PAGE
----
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By Ellen Creager, Detroit Free Press (TNS)

As a tourist destination, is Detroit like Berlin?

Germans think so.

They see both cities as having the same gritty, urban, post-industrial heritage, fueled by the pulsing beat of techno music. In Detroit, Berliners feel a kindred sensibility of old troubles, lingering decay, layered with current energy and optimism.

And they’re full of ideas for Detroit to attract visitors and new residents. Among them?

“Cancel the 2 a.m. curfew, and many people would come,” says Lutz Leichsenring, of Clubcommission Berlin, a city that pulsates with 334 music venues, including round-the-clock clubbing and all-night parties.

Techno was invented in Detroit. Now Berlin is not only Germany’s capital but a global electronic music hotspot, which helped to change the image of Berlin to a young city.

The Berlin folks–visitBerlin tourism officials and artistic creative development brains–were in Detroit this month, and they met by invitation with counterparts in the arts community here and public officials.

“They told us, ‘You have a very romanticized view of Detroit,’ ” admits Mario Husten, chairman of Berlin’s Holzmarkt Cooperative, who focuses on urban creativity issues. “I don’t think so.”

The reason? Detroit may not be appreciated by everyone, but it has one thing that soulless, bland cities don’t have: a unique, authentic, creative culture. That quality is more important than money, he says: “Economy follows culture, not vice versa. You can’t buy culture.”

For me, the Berliners’ enthusiastic embrace of all things Detroit was a breath of fresh air. But it also says a lot about Berlin, too. The powerful city that rose and fell with the Third Reich in World War II was ruthlessly chopped in half by Russia and the Allies after the war. When the Berlin Wall came down 25 years ago, it revealed deep emotional tears in the reunified city and miles of dilapidated city buildings.

“Berlin was a severely wounded city,” says Burkhard Kieker, CEO of visitBerlin, adding that music, clubs and creative culture were the first positive healing forces there. “Crucial was the courage of the people to take their fate into their own hands.”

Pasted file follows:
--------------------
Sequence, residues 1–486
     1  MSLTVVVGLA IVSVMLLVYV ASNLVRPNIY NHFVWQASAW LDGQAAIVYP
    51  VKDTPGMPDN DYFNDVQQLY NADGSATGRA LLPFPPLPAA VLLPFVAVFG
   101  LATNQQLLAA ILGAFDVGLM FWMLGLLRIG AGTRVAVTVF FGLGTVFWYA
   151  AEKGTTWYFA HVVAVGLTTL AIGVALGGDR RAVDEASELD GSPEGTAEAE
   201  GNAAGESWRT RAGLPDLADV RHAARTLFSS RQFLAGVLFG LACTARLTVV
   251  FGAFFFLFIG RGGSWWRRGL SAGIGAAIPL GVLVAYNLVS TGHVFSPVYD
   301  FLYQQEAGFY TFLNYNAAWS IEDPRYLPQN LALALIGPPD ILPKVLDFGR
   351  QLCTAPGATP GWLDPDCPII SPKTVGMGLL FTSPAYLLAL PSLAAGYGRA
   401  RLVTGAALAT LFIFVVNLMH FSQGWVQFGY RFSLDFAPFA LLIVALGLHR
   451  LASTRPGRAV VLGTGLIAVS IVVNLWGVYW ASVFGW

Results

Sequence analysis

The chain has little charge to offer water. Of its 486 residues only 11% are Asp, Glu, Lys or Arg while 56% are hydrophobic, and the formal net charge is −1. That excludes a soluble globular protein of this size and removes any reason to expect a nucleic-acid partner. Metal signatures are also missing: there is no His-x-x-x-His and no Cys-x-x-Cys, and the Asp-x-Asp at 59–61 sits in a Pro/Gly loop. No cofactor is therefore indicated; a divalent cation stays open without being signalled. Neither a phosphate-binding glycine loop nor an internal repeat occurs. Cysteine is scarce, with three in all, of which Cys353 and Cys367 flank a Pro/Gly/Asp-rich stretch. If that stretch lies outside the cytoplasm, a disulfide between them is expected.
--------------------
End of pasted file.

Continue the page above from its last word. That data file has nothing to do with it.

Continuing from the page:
It’s been an exhilarating uphill climb for the city of 3.5 million since then.

Did they give in to despair, an emotion many metro Detroiters have felt in our darkest days?

“No, never,” says Husten. But tourism officials showed photos of the barren, gray city center of the past and the lively, colorful thriving city of Berlin now.

The city also did other things they think Detroit could copy.

They invited as many discount airlines to fly into Berlin’s airport as possible.

They have a vital, well-operated public transit system. (Sadly, no Detroit M-1 rail is going to be matching that anytime soon.)

They attracted artists and creative types with very low-rent studio space and embraced spontaneous types of projects and artwork and people. Detroit is all that.

The Detroit journalists at the meeting were both flattered and perplexed when the Berliners said there even is a small theater in Berlin that shows only Detroit-themed movies.
I never heard of it, but, hey, I’m all for it.

Of course, any tourist who has visited Berlin knows it could never be mistaken for Detroit. It has 6,000 new hotel beds just this year. It has 180 museums. It has 400 galleries. It is the nation’s capital. Berlin is now the third most visited European city behind London and Paris.

Still, the Berliners have an affection for Detroit. They want to help. They believe in the power of art and creative ideas to heal ragged wounds of the past. And that is kind of inspirational.

___
(c)2015 Detroit Free Press. Distributed by Tribune Content Agency, LLC.

Photo: Bryan Debus via Flickr

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